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A summer visitor but also an influx from the north in winter


Blackcap: is it coming or going?

Post date: Sunday, 9 March, 2014 - 00:00

It may not be a common sight but a blackcap (Sylvia atricapilla) in gardens in winter is certainly not unusual. Now to me the blackcap is a welcome summer visitor to our woodlands and hedgerows. Its lovely, intense, warbling song is one of the highlights of spring each year. Frequently the song will be heard but the bird will be difficult to spot as it often sings from the among leaf canopy; a real poor man's nightingale! It is also a bit of a fidget and keeps moving around! 

However, this is not the only side of the blackcap as this picture taken on our garden bird feeders clearly shows! We usually get a least one blackcap visit our garden each winter but I just said that the blackcap is a summer visitor so what is it doing turning up in a Dorset garden in winter? When I started 'birding' nearly forty years ago people were puzzled as to why most blackcaps went south in the autumn but a few stayed behind. Nowadays our knowledge is so much more developed and, thanks to ringing, we now know that these wintering birds are not the same ones that spend the summer here. These are birds from much farther north in Europe and for them the long winter trip south is to us here in southern England.

So, as our wintering blackcaps leave us in spring to return north the summer migrants are coming back to our shores and from mid-April we have the joy of seeing and hearing them in our countryside. 


Blackcap in Dorset; what your tweets tell us

Post date: Friday, 7 December, 2018 - 18:10

The blackcap is essentially a summer visitor to Dorset arriving in spring after a long journey from Africa where it spends the winter. Its warbling song can be heard from trees and tall hedgerow shrubs from mid April onwards into May and possibly early June but once a territory is established, a nest built and young birds have hatched and need feeding the singing stops. This is quite common species in Dorset in summer although the weekly reporting chart might not give that impression as it shows a low number of reports from week 19 to 34, that is late May through until mid-August. This is because as it is common it becomes of less interest and so is less likely to be included in a tweet.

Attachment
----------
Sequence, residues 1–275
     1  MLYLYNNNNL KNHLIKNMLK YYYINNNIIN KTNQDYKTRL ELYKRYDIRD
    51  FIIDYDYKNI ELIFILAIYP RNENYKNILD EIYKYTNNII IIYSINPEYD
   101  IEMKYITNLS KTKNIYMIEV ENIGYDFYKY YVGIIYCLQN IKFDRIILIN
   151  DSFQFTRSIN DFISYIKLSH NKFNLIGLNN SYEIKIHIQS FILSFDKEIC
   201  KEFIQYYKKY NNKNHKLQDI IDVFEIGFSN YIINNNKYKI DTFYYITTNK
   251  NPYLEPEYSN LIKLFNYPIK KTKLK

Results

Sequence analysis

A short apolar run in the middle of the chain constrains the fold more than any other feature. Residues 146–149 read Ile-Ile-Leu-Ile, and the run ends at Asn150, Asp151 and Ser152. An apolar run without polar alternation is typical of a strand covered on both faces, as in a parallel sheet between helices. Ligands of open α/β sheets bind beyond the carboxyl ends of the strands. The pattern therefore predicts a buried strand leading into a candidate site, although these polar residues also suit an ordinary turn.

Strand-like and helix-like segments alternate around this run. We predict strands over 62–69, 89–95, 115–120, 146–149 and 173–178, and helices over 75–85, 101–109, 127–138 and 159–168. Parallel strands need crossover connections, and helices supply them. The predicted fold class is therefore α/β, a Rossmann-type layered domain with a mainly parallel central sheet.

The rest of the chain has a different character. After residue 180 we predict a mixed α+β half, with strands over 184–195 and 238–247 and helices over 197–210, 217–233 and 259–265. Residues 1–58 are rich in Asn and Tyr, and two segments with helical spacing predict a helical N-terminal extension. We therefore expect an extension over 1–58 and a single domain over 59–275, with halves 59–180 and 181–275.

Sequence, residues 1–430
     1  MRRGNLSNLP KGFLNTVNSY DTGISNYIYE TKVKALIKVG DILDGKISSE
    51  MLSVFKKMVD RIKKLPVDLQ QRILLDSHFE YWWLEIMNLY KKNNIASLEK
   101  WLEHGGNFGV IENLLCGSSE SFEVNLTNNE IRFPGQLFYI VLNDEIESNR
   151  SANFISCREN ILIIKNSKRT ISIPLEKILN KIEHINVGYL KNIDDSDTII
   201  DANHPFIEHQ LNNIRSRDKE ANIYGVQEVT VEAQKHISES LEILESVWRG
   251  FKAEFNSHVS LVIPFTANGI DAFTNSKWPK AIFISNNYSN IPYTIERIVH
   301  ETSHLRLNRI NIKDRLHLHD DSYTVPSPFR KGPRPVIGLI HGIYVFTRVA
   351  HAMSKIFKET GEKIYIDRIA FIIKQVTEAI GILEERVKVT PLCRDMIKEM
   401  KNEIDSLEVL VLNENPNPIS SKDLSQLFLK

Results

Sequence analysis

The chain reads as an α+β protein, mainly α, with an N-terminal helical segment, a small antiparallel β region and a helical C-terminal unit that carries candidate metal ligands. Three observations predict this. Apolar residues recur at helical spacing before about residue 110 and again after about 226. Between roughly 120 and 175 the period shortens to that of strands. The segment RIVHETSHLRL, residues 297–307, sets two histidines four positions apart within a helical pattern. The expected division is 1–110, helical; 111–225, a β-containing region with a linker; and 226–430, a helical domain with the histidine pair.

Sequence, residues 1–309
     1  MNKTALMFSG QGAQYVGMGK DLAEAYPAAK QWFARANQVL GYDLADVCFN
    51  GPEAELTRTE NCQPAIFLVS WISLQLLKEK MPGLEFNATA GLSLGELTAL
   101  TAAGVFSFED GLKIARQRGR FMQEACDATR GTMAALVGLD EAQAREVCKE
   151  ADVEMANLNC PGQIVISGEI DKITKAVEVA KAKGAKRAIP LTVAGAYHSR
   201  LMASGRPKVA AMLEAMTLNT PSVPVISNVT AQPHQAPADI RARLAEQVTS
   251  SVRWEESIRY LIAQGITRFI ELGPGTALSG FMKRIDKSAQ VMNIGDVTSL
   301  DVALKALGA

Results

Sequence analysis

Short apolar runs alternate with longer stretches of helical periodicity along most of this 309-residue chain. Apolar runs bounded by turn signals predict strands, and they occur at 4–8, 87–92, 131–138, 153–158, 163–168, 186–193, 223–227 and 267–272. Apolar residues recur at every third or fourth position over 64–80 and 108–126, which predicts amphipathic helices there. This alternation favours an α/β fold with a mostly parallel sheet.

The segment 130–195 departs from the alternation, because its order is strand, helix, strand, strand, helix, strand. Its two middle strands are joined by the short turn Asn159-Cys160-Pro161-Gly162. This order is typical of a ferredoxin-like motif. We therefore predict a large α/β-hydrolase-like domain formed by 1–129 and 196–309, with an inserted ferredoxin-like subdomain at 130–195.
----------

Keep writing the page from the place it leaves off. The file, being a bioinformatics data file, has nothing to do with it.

The bulk of reports occur over the five weeks from week 14 onwards, mid-April to late May; this is when the inward migration is at its peak. After the summer lull reports from Autumn migration start coming in in mid-August and has a fairly short peak but then, rather than decline rapidly and fade away, reports keep coming right through until December. This extended autumn season is due to a 'buffering' effect. The birds that nested here leave for Africa with their young ones first but are then replaced by birds that nested much further north, often in Scandinavia and northern Europe. The bulk of these birds will then almost certainly move on further south when the harder weather hits us early in the new year and records for January and February do occur but are generally more sparse. 

The distribution map shows just how widespread the blackcap is in Dorset during the summer but autumn and winter records tend to come from ringing sites and from Portland where they are seen (or trapped) on migration. The summer breeding observations come mainly, but not exclusively, from woodland sites.

To add blackcap to your list go to virtually any wooded area in May and listen for a sweet undulating burst of song. You may have to watch closely amongst the higher branches covered in leaves to actually get a glimpse of one. 

The records for this species have been organised into reports, charts, maps and photos. Click a pic below to see the detail:

Sites List Distribution Map Some Charts Some Photographs Original Tweets Relatives Guidance Notes
Common Name Blackcap
Scientific Name Sylvia atricapilla
Status Frequent
Interest Level
Species Family Warblers
  • 04 - April
  • 05 - May
  • 06 - June
  • 07 - July
  • 08 - August
  • 09 - September
  • 01 - January
  • 02 - February
  • 03 - March
  • 10 - October
  • 11 - November
  • 12 - December
Preferred Environment
  • Hedgerows
  • Woodland - broadleaf
Look for A small warbler with a black or brown cap
Additional Identification Notes
  • The black cap of the male is clearly diagnostic, this is brown in the female
  • A summer visitor but can be seen in gardens in winter and these are immigrant birds from Europe
  • Noted for its lovely song and known as the poor man's nightingale!
Similar Species